March 2020 – Over the past decade, California’s Recycling Rate has declined from 50% to 42%, directly the opposite of its policy intentions. A major contributing factor has been the legislature’s continuing refusal to authorize the use of non-combustion advanced recovery technologies to convert post-recycled organic municipal solid waste to low carbon fuels, chemicals and other sustainable products. Jim Stewart, the Association’s Chairman, has addressed this subject in an article for Biofuels Digest entitled “A Decade of Progress in California? Not for its Recycling Rate.” The article will be republished as the cover story in the September/October issue of MSW Management, the leading trade magazine in the Waste Management industry.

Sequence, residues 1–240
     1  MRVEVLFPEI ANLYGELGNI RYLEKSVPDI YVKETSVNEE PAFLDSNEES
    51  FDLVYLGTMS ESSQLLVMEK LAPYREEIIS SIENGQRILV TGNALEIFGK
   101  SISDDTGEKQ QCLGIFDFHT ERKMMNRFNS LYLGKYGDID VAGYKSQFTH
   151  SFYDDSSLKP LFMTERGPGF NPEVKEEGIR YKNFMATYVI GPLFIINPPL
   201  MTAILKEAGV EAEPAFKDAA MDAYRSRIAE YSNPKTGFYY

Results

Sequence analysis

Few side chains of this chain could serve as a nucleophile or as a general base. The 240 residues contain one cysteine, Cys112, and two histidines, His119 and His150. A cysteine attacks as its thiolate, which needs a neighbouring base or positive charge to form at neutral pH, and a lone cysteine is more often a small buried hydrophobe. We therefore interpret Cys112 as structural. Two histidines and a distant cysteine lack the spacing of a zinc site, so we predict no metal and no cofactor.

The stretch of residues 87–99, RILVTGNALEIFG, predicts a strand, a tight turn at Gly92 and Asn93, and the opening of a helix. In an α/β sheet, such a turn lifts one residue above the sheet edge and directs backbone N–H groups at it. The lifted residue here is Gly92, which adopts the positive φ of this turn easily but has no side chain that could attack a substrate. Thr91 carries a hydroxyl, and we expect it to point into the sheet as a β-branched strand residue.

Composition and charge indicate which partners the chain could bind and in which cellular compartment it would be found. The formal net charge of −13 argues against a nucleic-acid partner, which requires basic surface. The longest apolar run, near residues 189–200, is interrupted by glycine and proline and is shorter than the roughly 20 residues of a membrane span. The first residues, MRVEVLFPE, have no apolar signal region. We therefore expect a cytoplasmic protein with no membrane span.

January 2020 – The Bioenergy Producers Association releases a comprehensive White Paper authored by Jim Stewart summarizing the issues impeding the production of biofuels, chemicals and other biobased products from organic wastes in the state.
April 2019 — Chuck White, Senior Advisor, Environment for Manatt, Phelps & Phillips, LLC addressed the Western Regional Symposium of SWANA (the Solid Waste Association of North America) on the subject, “Is California Ready (Yet ?) for the Conversion of Solid Waste to Energy, Fuels and Chemicals?” View his accompanying Power Point presentation here
February 2019 – White circulated to interested California legislators, legislative staff and stakeholders a document entitled “Adding Recovery to California’s Recycling Toolkit: Why It’s Time to Get More ‘Reduce and Re-Use’ from Solid Waste…and How to Do it.” Together with a summary of Current Related Statute, the document was intended as a starting point for stakeholder discussions on how to break the legislative impasse on conversion technologies that has existed for at least fifteen years. Chuck White has over 25 years of regulatory and environmental consulting experience, including more than 20 years as director of regulatory affairs for Waste Management in Sacramento.